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The Waffle House shooter had an earlier weapons arrest near the White House. Also on our Monday rundown: new eviction data underscores America’s affordable-housing crisis; plus we will take you to a state where one county is putting juvenile justice under public health.

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Report: Recession’s Impacts Linger in the Living Room

PHOTO: Five years since the end of the Great Recession, and a new report finds that the housing crisis hasn't abated for many low-income families. Photo credit: CherylHolt/Pixabay.com
PHOTO: Five years since the end of the Great Recession, and a new report finds that the housing crisis hasn't abated for many low-income families. Photo credit: CherylHolt/Pixabay.com
February 4, 2015

WASHINGTON - Health is a bright spot for children in a new report that looks at how kids are faring five years after the Great Recession was declared "over."

The First Focus analysis found that more children have health coverage, but the housing crisis hasn't abated for many low-income families.

Cari Baldari, the group's senior policy director for poverty and family economics, housing and homelessness, said it's estimated that 1.3 million schoolchildren are experiencing homelessness - and four in 10 live in housing situations where parents struggle to pay rent.

"Still nowhere in America where a parent is working minimum wage at 40 hours a week can afford rent," she said.

Homeless children face learning disabilities at double the rate of other kids, Baldari said, and the rates of emotional, behavioral and other health problems are triple.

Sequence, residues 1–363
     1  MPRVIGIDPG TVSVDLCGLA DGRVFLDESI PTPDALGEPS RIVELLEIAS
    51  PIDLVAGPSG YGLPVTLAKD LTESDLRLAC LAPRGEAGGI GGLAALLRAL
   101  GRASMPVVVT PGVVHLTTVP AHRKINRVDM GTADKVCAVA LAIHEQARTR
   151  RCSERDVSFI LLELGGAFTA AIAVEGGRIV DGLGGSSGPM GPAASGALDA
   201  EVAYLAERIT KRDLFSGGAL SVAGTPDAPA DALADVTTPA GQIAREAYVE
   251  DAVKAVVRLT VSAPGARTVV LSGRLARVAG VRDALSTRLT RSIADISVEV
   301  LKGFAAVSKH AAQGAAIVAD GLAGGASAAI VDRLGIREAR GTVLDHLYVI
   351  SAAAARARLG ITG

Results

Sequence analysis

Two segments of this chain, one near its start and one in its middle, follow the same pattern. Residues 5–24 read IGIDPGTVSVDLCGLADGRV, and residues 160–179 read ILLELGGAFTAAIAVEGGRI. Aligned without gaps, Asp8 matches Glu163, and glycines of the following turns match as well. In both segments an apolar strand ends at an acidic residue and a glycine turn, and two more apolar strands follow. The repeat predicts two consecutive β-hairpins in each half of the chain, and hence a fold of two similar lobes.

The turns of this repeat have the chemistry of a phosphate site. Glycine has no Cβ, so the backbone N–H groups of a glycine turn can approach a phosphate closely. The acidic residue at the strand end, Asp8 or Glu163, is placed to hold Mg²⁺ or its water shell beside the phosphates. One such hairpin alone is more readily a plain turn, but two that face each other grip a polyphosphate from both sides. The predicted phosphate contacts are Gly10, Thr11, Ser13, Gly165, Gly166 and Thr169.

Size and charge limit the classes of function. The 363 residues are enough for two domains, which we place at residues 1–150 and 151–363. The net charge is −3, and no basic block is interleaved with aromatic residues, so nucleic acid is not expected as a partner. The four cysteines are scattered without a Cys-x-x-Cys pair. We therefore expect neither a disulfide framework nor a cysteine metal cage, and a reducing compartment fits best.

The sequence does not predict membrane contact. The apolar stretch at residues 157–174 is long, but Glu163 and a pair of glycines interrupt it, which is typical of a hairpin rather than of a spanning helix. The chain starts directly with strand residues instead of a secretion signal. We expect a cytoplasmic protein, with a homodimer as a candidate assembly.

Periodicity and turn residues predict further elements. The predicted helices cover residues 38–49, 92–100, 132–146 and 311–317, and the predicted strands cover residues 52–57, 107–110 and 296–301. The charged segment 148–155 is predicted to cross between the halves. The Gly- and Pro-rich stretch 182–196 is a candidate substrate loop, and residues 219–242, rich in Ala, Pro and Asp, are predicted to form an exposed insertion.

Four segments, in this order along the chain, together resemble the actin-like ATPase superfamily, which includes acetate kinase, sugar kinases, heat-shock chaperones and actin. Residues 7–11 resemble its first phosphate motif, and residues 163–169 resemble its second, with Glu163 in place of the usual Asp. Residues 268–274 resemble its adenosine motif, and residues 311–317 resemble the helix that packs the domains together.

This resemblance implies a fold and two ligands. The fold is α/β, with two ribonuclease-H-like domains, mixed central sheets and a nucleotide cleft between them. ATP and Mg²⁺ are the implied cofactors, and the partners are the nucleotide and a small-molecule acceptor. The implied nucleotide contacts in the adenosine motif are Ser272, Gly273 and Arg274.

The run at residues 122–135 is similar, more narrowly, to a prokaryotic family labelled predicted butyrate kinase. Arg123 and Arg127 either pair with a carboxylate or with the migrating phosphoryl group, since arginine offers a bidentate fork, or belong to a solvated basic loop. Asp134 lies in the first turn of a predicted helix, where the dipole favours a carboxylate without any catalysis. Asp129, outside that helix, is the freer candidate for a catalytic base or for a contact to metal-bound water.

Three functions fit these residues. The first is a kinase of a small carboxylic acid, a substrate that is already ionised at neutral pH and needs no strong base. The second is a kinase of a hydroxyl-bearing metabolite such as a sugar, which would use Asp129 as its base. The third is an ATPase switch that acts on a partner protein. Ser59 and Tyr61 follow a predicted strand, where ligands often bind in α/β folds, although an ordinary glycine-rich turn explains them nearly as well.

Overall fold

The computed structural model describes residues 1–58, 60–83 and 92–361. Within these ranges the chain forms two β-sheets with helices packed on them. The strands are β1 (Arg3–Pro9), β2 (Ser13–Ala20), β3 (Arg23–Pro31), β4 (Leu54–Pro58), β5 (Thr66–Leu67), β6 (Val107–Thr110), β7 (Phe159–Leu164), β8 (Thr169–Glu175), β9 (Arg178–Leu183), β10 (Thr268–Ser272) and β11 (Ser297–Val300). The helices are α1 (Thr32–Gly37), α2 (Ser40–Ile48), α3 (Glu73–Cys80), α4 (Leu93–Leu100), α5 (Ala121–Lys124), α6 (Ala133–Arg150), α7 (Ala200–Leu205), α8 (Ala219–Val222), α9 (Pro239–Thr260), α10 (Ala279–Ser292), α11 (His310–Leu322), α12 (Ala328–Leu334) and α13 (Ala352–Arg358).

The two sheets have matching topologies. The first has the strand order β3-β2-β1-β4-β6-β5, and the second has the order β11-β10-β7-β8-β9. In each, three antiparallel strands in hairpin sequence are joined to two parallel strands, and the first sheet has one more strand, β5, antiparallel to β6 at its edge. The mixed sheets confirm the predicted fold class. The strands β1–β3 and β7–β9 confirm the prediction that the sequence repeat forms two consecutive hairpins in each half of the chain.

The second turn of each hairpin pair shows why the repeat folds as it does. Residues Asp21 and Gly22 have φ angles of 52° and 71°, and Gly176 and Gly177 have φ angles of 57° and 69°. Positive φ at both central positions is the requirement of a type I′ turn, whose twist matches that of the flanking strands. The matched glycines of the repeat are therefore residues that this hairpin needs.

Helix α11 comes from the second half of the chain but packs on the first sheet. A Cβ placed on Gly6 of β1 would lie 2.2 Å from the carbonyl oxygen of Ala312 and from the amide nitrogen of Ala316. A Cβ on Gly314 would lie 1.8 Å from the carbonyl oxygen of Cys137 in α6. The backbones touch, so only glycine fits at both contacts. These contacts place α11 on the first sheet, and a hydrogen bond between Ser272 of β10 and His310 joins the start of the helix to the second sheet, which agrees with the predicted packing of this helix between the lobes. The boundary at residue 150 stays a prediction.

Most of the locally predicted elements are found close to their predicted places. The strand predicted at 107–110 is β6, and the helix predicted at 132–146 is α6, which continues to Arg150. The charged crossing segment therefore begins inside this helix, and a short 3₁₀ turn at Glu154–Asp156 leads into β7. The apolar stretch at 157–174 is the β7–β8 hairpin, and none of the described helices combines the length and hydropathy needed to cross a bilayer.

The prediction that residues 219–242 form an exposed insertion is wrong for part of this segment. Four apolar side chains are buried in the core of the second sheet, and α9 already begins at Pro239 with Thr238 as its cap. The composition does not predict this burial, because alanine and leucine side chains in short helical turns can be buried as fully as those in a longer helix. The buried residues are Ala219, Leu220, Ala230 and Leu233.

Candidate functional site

The report recommends more construction of affordable housing and additional federal rental assistance vouchers. Baldari said the supply is limited and only about one-fourth of people eligible for vouchers receive them.

Congress is looking at the Homeless Children and Youth Act (HR 576/S 256). Baldari describes it as a bipartisan plan that would change definitions of homelessness so they're not only tied to living on the street or in a recognized homeless shelter.

"It would allow homeless children and families who are living in situations such as motels or with others to access homelessness-assistance services that currently they're not eligible for," she said.

The report also looked at hunger, abuse and neglect, and the results were mixed. It said there has been some improvement in food-insecurity rates, but they remain high. There are conflicting statistics on abuse and neglect - with federal data showing a decline and hospital data showing increases.

The report, "The Effect of the Great Recession on Child Well-Being," is online at firstfocus.org.

Deborah Courson Smith/Deb Courson Smith, Public News Service - MD